Most handplane geeks know that across the Pacific Ocean there is an entire culture of people who are even more obsessed with the mechanics of cutting wood with a plane than we are.
I’m speaking, of course, about the Japanese, who are prone to holding handplaning contests where participants compete to see who can make the longest and thinnest full-width shaving.
They measure the thickness of these champion shavings in microns. And the results are often affected by the weather. A wet day will swell the shavings by a few microns.
Sadly, Western woodworkers have become obsessed by creating ultra-thin shavings, which requires planes to be tuned to a very high note. What’s wrong with this philosophy is that it focuses on the garbage instead of the good stuff. The shavings get thrown away, remember? It’s the resulting work surface that we keep – unless we handplane that all away in some handplaning bliss-fest.
You want to be able to take the thickest shaving you can without tear-out, chatter or requiring you to bulk up like Thundarr the Barbarian. A thick shaving will get you done with fewer passes of the smoothing plane over your workpiece. Not only does this get the job done faster, but it also helps increase your accuracy.
Huh? Think about it. If you make 20 passes over a board with a smoothing plane, you are much more likely to plane that sucker out of true than if you used only four passes.
So how thick should your shaving be? Good question. Most people talk about getting shavings that are less than 2 thousandths of an inch thick. Or they talk about “sub-thou” shavings. Yes, it’s all very empirical, except for the fact that few woodworkers know how to really measure shaving thickness. Squeeze a dial caliper hard enough and you can make almost any shaving into a “sub-thou” shaving. Wood compresses. Metal bends.
So I go for visual cues instead.
If the wood is well-behaved, I go for an opaque shaving – that is, as long as the curvature of the cutting edge of my iron is significant enough to keep the corners of my iron from digging into my work. I’ve included a photo above of what this shaving looks like. This shaving gets the work done fast. If the surface has been flattened by a jointer plane, a shaving like this will get the work done in one or two passes.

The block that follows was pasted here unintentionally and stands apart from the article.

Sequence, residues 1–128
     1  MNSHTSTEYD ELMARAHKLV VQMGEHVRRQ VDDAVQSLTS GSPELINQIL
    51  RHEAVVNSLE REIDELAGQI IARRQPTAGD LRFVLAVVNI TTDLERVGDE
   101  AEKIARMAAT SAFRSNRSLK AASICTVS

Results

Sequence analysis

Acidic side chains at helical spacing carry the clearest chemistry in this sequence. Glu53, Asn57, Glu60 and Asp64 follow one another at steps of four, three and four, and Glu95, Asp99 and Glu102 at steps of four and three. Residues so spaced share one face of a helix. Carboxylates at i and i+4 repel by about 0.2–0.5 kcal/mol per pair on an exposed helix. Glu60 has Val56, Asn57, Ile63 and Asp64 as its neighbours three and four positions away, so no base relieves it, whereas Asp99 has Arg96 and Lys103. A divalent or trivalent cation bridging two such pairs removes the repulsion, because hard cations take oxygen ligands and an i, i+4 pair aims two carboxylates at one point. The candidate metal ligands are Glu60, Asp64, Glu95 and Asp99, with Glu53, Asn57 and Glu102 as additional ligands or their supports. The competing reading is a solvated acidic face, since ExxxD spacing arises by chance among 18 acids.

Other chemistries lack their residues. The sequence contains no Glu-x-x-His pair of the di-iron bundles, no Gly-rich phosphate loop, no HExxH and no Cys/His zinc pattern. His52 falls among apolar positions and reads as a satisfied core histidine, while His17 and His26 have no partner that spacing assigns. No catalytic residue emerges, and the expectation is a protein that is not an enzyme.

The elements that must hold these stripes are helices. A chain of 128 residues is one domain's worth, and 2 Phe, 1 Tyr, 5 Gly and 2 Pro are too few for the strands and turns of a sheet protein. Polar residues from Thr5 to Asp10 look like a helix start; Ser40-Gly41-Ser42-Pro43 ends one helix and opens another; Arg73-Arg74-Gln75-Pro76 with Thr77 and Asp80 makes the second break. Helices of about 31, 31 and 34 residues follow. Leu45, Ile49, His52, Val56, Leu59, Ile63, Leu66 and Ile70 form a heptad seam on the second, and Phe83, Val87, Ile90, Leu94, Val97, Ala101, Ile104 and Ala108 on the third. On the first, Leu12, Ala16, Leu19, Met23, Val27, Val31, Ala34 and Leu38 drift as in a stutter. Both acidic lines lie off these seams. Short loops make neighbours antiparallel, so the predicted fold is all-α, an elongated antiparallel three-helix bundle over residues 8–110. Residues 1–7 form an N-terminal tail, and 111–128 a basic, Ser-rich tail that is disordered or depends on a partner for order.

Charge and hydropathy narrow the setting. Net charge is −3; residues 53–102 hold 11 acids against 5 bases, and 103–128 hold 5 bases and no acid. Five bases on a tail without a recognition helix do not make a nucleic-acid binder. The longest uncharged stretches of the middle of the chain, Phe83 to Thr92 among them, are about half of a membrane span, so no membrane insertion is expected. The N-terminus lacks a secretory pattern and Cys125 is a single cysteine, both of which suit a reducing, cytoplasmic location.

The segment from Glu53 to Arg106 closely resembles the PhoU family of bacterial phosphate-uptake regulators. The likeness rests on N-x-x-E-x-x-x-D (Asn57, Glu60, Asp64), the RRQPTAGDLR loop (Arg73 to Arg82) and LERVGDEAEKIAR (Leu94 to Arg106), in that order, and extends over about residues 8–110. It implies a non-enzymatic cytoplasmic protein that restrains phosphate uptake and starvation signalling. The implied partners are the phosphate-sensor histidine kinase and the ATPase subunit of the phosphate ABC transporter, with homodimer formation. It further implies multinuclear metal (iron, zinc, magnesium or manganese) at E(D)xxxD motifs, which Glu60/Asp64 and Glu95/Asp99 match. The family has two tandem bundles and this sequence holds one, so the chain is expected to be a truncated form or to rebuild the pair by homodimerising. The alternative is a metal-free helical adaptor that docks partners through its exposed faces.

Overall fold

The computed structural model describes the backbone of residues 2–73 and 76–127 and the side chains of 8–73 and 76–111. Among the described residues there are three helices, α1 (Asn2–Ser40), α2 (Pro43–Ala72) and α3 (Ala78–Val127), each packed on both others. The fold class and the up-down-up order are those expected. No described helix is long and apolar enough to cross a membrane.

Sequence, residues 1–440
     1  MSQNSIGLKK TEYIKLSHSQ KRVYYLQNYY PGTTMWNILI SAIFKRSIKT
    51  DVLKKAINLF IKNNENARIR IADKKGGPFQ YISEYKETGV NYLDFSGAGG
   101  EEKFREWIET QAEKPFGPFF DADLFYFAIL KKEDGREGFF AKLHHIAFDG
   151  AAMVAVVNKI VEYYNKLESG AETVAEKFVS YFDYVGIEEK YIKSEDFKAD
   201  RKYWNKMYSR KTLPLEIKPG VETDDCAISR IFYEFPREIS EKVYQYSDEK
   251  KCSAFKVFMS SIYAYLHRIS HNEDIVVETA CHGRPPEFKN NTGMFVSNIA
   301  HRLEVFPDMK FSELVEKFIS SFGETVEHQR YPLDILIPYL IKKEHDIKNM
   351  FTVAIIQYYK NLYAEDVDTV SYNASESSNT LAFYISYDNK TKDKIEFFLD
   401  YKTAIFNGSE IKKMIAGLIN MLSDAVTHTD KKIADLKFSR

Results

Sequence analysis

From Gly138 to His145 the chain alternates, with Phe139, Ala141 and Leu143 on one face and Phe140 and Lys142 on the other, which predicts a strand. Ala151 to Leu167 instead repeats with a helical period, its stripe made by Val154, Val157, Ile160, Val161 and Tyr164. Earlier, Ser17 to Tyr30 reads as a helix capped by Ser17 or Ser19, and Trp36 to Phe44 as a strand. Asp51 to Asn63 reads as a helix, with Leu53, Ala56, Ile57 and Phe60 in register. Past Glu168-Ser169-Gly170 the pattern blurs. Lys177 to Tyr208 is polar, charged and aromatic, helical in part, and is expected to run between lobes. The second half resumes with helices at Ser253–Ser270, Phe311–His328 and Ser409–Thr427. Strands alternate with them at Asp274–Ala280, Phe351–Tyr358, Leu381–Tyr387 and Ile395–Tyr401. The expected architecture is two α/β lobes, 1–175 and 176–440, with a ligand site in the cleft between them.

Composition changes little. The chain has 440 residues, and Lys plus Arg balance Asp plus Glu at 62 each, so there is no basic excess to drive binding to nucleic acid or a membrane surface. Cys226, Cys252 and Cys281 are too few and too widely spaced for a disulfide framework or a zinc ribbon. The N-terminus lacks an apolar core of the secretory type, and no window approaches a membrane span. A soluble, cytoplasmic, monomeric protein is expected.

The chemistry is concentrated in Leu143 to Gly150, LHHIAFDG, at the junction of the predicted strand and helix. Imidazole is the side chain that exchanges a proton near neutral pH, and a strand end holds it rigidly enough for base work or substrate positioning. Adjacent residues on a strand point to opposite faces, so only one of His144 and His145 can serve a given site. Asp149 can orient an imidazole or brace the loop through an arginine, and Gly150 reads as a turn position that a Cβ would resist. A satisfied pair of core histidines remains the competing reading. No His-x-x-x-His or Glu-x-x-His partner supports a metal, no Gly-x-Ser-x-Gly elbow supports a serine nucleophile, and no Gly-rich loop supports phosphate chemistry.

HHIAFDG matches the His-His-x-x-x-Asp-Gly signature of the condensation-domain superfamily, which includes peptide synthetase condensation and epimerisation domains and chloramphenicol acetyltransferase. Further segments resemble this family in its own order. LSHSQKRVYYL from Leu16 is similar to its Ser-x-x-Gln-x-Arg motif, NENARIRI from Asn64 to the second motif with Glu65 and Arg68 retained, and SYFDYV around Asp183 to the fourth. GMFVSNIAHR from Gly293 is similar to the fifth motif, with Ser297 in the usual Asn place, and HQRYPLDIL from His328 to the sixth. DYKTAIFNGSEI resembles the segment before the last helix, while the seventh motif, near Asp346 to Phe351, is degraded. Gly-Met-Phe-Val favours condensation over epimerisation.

If I get tear-out using a beefy shaving, I’ll retract the iron fully into the mouth of the handplane and extend it until the shaving looks like the photo above. Here you can see the shaving is thinner, but it is still intact except for one area.
That split in the shaving is probably caused by a small defect in the iron. The edge is probably getting dull and is ready for a touch-up. This shaving will clean up my surfaces in three of four passes. It usually eliminates tear-out more than the shaving above. But sometimes I need to get a little nuttier.
And that’s when I push my tool to get a shaving like the one above. This thing is about to fall apart. In fact, it sometimes will fall apart when you remove it from the mouth of the tool. Usually, this sort of shaving requires some persnickety set-up to achieve. I can’t get this shaving with an Anant, new Stanley or Groz plane. They are just too coarse to allow this type of shaving to pass. This is what you are paying your money for when you buy a premium tool. Premium tools will do this with little fettling. My vintage planes that I’ve fussed over will do this as well. A sharp iron always helps, as well.
The downside to this shaving is that you will be making a lot of them to remove the tear-out on the board. About 10 cycles or more is typical for some small tear-out. It is a lot like working.
Can you get nuttier? Sure. If all else fails, I can set my plane to remove something between a shaving and dust. These “shavings” don’t really look like much. How do you get them? That’s easy. When I get my thinnest smoothing plane shaving possible, I’ll rub some paraffin on the sole of the tool. This actually reduces the depth of cut just enough to get the furry, dusty stuff. Beware: Taking a shaving that small will force you into a lot of work. Lots of passes. Lots of sharpening.
But when you need it, you need it.
— Christopher Schwarz